Morning Light on Mt McKinley & The Alaska Range, Denali National Park

Mt McKinley & The Alaska Range in the soft morning light, Denali National Park – Alaska.

Recently, I spent three days in Denali National Park and did some photography works after two years of inactivity. This is a 6:1 aspect ratio panorama from merging four horizontal frames. One could see both Mt McKinley’s North Peak, South Peak and Harper Glacier on the far right; other prominent peaks near by, Mt Foraker & Mt Hunter. I wish I could post full size image (21 megapixel/frame) so viewers could feel the full impact of this beautiful sunrise light on the Alaska Range. Since it might be difficult to see all the details from such a small image, here is an example of a single close up frame shot a few minutes earlier.

After two days in the park and countless hours sitting by Wonder Lake waiting for Denali to show up, I had lost hope to get a glimpse of what Ansel Adams saw when he photographed that famous Mt McKinley over Wonder Lake scene, but I got lucky on this third day. I shot all of these frames hand held while leaning out a window of a school bus rumbling its way out of Denali on unpaved park road. I wished I had ten minutes off the bus with my tripod to line up all my panoramic frames from a single axis, but our bus driver would not let me off the bus due to bear and bull moose sightings. I shot this grizzly bear on the other side of the road, then turned around and resumed photographing the Alaska Range. When friends found out I was going to Alaska again, a few asked why Alaska? This scene is one darn good reason why.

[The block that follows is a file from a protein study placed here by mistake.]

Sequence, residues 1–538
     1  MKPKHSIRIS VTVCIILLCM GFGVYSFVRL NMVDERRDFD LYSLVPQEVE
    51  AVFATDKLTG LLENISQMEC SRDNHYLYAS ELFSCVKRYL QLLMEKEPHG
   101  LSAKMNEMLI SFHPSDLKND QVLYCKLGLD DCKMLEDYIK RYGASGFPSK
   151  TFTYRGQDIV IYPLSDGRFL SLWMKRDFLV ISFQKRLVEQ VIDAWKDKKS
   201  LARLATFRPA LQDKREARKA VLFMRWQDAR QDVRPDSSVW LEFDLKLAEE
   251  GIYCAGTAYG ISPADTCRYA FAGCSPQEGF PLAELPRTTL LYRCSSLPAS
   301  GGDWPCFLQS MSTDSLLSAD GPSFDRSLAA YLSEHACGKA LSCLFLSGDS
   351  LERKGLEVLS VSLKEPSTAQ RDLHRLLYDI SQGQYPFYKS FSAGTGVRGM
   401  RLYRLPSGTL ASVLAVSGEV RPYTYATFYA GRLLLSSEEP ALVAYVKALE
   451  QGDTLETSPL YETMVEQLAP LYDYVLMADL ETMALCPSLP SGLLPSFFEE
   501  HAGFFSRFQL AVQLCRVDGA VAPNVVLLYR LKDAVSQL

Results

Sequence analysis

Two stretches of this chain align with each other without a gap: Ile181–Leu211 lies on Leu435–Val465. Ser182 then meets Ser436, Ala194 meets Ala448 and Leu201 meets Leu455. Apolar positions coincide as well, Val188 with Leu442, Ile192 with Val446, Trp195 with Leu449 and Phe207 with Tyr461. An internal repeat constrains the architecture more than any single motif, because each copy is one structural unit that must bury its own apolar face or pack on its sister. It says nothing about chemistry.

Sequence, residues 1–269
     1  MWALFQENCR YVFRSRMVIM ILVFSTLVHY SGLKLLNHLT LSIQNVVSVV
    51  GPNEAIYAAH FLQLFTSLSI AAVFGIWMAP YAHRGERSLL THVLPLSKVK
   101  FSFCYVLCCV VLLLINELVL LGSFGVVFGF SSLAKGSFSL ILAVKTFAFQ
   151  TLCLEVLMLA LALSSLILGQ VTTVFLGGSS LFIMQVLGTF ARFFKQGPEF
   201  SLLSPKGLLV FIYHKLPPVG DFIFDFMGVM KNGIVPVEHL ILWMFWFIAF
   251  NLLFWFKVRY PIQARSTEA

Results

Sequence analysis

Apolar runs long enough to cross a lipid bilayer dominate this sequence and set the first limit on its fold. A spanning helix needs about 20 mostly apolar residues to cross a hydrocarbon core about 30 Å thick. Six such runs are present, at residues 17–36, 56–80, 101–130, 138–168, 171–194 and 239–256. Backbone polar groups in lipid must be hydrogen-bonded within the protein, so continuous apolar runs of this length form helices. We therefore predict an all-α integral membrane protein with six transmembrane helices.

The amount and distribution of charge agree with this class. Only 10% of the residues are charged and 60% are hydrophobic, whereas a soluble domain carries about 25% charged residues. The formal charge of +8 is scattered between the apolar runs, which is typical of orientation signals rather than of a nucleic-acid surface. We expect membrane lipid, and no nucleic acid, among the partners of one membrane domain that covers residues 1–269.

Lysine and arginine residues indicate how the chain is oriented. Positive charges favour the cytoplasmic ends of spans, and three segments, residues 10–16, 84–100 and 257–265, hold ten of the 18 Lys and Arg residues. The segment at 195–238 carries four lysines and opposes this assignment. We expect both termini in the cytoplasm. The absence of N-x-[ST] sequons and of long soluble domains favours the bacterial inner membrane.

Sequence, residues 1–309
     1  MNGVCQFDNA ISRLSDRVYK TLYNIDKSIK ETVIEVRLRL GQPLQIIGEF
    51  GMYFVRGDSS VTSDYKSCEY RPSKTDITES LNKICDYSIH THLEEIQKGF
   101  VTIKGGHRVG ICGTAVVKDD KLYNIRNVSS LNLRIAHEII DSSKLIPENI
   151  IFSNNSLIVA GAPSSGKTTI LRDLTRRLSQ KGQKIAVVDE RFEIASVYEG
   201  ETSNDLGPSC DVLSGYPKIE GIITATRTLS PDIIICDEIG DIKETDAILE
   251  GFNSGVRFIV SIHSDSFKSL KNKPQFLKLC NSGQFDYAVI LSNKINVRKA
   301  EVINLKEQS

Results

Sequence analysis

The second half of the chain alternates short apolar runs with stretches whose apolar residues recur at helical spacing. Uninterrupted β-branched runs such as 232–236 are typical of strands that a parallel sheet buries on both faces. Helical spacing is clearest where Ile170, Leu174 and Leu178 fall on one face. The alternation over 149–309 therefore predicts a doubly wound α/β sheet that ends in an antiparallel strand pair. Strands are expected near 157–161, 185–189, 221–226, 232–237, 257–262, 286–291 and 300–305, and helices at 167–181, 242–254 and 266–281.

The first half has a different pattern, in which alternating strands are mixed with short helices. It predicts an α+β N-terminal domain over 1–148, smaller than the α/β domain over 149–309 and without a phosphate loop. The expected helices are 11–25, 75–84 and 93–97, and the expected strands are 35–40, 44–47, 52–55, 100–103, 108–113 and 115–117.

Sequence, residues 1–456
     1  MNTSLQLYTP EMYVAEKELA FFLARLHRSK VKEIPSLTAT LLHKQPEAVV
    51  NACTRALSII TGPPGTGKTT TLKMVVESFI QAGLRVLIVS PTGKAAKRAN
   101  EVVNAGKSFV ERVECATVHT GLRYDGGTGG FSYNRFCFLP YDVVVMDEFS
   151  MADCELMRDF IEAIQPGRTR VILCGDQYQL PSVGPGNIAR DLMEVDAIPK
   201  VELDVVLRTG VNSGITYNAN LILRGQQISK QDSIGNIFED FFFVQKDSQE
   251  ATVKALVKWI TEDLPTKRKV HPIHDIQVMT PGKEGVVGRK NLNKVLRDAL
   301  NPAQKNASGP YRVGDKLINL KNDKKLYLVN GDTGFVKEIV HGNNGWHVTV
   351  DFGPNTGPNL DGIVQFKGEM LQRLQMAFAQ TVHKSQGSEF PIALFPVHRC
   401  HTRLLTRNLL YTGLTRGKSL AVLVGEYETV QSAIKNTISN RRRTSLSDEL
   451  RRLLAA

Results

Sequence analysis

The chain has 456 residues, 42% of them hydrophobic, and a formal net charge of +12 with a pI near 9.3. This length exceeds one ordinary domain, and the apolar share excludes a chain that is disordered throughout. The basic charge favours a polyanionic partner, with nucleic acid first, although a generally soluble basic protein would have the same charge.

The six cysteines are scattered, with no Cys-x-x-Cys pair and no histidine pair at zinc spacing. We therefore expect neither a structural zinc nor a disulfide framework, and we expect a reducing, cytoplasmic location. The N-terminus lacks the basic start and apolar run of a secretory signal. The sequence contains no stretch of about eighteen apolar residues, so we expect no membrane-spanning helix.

Will post more Alaska images as I have time to process them.


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Peyto Lake


Peyto Lake -  Banff National Park, Alberta, Canada

Peyto Lake under the midday sun – Icefields Parkway, Alberta, Canada

Peyto Lake is one of those rare locations that is best photographed under a brilliant midday sun to get the full impact of its turquoise water from suspended glacial flour in the lake refracting the green spectrum of the sun’s light. The three most famous glacier-fed lakes with bright turquoise/emerald water color in the Banff-Jasper area are Lake Louise, Moraine Lake, and Peyto Lake. Each has its own beauty, but perhaps this view of Peyto Lake seen from Bow Summit is the most visually striking of them three.

This is a single exposure shot at 16mm with a two stops soft-edge GND filter.


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Storm Clouds over Herbert Lake